AT&T Gets Hip to Switched Ethernet
The new services, verbosely dubbed AT&T Ethernet Switched Service -- Metropolitan Area Network, are offered throughout AT&T's U.S. footprint. Businesses can order access for data, voice, and video at rates from 50 Mbit/s to 1 Gbit/s in mesh and virtual LAN configurations. The switched architecture gives customers more flexibility in backing up their networks and adding new users.
Ethernet metro services are growing in significance. More explosive growth has been hindered mainly by the availability of fiber in U.S. cities (see Access Is Fiber-Starved). AT&T, which claims to have 6,400 office buildings hooked to fiber in its U.S. network, sees itself positioned well against the regional Bells, whose fiber connections have given them first-mover advantage in offering metro Ethernet.
"All the RBOCs have quite extensive metro Ethernet service offerings... They have the most market share because they have their own fiber connections," says Ron Kaplan, a research manager at IDC.
Switched Ethernet, also known as transparent LAN service, looks to be shaping up as a distinguishing feature of carriers with serious Ethernet intentions, but offerings are still fairly limited. Sprint Corp. (NYSE: FON) offers switched Ethernet services at rates to 1 Gbit/s in parts of Florida and in Las Vegas, Nevada. The IXC says it plans more city rollouts, but additions will be gradual.
On the RBOC side, BellSouth Corp. (NYSE: BLS) offers transparent Ethernet LAN service in its regional network now, with no plans yet to extend it elsewhere. SBC Communications Inc. (NYSE: SBC) says it's in trials and will roll out to selected cities beginning at the end of this year. Qwest Communications International Inc. (NYSE: Q) and Verizon Communications Inc. (NYSE: VZ) could not be reached by press time.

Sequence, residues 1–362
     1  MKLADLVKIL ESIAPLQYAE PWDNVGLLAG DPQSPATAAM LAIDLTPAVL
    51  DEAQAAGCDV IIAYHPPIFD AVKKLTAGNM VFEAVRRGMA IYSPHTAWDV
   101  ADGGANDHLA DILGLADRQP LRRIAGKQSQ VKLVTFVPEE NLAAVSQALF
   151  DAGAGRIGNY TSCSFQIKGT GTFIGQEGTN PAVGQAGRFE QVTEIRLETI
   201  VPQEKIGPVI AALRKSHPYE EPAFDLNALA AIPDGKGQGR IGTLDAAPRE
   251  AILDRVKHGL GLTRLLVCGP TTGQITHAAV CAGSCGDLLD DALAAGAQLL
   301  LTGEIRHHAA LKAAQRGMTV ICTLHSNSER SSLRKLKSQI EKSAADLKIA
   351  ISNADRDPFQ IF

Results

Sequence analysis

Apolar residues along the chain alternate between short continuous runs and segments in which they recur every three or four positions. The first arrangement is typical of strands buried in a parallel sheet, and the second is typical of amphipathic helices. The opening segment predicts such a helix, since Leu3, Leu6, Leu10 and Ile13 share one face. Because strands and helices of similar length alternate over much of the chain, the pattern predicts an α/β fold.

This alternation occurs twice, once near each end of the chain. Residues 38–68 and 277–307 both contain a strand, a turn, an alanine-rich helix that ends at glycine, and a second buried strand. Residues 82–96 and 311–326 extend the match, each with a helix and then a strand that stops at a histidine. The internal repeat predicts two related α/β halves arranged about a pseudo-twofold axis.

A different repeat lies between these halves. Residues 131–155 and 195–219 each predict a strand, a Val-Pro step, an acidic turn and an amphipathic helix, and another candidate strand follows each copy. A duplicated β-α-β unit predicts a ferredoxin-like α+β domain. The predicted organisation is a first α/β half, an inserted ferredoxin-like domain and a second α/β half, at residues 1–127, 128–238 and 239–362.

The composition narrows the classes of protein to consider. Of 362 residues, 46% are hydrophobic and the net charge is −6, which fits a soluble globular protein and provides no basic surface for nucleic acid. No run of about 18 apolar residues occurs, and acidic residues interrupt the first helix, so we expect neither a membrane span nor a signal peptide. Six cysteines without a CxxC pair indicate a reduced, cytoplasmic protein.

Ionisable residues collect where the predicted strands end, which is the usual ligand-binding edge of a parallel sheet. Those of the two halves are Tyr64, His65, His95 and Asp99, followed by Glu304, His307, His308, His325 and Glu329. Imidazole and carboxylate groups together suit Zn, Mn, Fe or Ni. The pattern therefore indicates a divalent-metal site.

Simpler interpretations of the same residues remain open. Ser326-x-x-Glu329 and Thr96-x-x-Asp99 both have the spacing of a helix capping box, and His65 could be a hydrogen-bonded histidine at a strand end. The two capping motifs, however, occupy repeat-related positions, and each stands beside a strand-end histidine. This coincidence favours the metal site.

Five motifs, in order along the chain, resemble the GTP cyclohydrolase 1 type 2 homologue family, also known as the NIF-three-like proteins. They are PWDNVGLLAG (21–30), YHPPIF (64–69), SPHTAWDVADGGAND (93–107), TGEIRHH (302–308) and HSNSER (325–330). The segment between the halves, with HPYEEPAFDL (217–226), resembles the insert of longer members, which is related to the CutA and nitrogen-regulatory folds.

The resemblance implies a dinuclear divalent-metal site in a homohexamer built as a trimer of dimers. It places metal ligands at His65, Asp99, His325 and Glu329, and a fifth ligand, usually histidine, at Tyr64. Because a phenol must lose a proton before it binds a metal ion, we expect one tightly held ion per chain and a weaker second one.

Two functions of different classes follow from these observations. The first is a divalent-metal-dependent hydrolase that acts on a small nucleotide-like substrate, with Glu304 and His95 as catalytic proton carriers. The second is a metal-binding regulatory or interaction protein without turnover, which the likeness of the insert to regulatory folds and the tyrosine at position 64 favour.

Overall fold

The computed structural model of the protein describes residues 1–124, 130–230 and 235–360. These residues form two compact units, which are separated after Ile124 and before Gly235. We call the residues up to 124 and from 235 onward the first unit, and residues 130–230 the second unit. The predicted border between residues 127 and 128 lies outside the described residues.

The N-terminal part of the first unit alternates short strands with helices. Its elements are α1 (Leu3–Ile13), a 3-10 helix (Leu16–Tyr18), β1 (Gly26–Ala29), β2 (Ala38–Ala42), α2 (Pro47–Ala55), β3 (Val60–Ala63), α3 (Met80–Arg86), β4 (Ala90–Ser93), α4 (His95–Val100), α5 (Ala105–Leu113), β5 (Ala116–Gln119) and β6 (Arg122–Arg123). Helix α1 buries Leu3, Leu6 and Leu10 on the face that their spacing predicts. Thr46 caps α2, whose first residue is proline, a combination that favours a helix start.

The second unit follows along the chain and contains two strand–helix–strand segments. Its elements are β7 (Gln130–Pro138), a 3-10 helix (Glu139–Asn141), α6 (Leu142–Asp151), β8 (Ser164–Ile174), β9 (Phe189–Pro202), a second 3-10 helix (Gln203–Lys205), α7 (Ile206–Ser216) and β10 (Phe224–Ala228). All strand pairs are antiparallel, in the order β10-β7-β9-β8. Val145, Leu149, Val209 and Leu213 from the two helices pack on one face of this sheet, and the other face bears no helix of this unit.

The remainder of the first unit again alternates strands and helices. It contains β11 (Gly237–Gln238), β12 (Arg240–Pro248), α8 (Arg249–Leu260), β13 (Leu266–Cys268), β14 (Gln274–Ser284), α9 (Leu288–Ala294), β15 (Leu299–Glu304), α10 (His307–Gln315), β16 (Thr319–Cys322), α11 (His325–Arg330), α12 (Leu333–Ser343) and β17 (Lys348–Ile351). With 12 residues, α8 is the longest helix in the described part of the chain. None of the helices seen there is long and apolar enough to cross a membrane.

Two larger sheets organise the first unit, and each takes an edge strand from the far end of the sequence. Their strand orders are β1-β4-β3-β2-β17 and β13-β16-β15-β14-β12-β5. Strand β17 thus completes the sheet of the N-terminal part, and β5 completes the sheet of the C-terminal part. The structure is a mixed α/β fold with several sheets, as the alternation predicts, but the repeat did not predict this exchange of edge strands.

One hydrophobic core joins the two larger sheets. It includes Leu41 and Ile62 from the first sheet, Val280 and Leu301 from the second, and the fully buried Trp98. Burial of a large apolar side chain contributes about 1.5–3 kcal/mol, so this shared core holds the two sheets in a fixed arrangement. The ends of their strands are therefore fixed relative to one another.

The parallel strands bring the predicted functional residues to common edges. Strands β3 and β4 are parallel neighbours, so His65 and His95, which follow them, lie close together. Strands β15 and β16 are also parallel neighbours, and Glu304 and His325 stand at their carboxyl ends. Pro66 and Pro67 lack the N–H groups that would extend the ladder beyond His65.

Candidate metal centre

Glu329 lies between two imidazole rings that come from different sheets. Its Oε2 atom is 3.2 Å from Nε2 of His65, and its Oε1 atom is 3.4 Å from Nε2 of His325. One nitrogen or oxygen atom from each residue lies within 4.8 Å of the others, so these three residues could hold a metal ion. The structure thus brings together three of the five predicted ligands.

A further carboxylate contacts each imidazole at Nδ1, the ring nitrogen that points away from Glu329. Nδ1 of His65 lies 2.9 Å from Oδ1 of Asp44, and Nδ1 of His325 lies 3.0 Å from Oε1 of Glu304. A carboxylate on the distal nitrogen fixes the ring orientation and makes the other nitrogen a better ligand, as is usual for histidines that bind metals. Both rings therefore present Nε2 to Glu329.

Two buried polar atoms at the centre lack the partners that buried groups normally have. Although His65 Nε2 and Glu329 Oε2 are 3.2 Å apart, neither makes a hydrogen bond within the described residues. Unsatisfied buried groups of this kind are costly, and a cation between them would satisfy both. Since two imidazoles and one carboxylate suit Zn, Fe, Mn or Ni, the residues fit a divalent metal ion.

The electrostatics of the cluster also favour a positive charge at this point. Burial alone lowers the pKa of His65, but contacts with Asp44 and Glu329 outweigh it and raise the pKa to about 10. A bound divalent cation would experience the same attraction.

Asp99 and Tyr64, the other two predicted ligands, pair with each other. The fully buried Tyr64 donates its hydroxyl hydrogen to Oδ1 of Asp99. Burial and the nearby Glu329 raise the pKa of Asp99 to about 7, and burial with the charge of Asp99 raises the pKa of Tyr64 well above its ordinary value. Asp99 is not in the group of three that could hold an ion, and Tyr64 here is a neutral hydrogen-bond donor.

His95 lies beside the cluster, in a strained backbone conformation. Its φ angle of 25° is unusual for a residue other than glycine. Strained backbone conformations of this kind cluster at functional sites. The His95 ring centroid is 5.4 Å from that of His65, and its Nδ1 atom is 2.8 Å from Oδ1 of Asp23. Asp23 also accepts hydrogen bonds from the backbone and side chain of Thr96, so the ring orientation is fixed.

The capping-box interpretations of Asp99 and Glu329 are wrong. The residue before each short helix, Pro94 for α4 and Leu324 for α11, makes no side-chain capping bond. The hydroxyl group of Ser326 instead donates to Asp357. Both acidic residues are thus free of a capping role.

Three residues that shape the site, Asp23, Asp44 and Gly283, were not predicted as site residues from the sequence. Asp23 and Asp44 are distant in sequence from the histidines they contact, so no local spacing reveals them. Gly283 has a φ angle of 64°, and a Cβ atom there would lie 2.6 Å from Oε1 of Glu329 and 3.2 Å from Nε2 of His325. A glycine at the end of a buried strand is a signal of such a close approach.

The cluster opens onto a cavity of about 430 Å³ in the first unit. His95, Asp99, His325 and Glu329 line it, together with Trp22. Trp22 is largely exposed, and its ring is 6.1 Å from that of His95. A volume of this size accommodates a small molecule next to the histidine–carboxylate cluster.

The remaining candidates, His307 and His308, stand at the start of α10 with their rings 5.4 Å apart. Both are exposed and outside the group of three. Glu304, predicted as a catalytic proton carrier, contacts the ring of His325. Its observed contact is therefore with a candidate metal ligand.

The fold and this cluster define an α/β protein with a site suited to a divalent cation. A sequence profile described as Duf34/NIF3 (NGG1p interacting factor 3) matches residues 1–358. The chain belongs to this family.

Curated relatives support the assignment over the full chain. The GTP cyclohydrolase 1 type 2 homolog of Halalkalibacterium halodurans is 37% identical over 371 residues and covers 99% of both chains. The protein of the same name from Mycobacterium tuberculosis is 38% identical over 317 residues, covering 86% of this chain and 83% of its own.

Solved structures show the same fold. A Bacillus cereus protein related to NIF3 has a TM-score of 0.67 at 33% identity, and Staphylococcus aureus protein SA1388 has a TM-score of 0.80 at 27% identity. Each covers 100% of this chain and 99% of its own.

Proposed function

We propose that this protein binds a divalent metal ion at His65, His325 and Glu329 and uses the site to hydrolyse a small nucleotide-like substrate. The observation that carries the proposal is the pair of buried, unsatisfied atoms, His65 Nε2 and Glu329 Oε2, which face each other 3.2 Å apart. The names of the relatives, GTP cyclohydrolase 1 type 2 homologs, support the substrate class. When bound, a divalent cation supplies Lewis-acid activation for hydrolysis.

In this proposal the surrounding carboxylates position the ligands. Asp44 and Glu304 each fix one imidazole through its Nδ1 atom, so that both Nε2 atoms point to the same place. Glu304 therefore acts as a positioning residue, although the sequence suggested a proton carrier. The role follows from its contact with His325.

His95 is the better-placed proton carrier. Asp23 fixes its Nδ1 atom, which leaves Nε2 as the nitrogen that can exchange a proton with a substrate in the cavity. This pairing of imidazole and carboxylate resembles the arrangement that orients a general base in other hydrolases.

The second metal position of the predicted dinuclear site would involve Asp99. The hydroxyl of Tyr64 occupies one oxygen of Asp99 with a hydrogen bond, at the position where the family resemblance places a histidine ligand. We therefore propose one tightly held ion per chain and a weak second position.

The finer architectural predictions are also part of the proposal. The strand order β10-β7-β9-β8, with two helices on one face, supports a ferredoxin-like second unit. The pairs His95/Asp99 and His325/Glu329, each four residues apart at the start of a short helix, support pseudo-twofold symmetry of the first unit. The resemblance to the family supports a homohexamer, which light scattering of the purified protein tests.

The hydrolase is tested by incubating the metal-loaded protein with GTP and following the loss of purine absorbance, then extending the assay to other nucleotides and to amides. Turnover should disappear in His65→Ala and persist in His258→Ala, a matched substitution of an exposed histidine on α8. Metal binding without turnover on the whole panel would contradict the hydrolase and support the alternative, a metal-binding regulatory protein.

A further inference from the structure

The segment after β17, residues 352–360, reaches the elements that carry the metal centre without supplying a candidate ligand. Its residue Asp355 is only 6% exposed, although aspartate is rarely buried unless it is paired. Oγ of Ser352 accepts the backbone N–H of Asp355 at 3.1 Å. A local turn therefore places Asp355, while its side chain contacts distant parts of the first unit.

Only a handful of other carriers offer switched Ethernet in U.S. metro areas. Among these, however, is independent carrier Time Warner Telecom Inc. (Nasdaq: TWTC), a formidable rival for any incumbent (see Time Warner Wins MetroE Deal).
In a presentation to press and analysts today, AT&T Ethernet services director Franco Callocchia acknowledged Ethernet as key to the carrier's strategy to build on its nationwide IP network (see AT&T Talks Up IP VPNs).
AT&T has offered Ethernet access for business customers since 2001. It also offers point-to-point Ethernet services and Ethernet connectivity on Sonet rings. Ethernet links into ATM and Frame Relay services are in beta trials but aren't due for general availability until 2005.
AT&T still has a lot of work to do, though, and the carrier could lose ground to rivals, depending on how long it takes to get it done. For one thing, the new switched Ethernet MAN service is only good within cities such as Chicago or Boston. To link networks among multiple cities, businesses still need to order AT&T's point-to-point Ethernet private lines. AT&T spokespeople don't know when intercity "WAN interconnectivity" will be available.
Other issues linger. AT&T says it hasn't had time to set any universal pricing, standardize terms of service-level agreements, or add the new service to its Integrated Global Enterprise Management System (IGEMS). It also does not offer QOS (quality of service) control, which would allow customers to assign priorities to specific types of network traffic -- giving video the lion's share of bandwidth, for instance. For that, AT&T is still using ATM.
As for customers, AT&T says the new switched Ethernet MAN service is being offered by request. It won't quantify how many companies have signed up, but the press release boasts Securities Industry Automation Corp. (SIAC) as a taker. A spokesperson says AT&T has "hundreds" of customers for its other metro Ethernet offerings.
AT&T won't name its vendors for any of its metro Ethernet services. But its common industry knowledge that Cisco Systems Inc. (Nasdaq: CSCO) and Nortel Networks Corp. (NYSE/Toronto: NT) play a role (see AT&T Closer to 'One' With Itself). The carrier is also mum about other service providers it's tapped to extend Ethernet in specific areas.
— Mary Jander, Senior Editor, Light Reading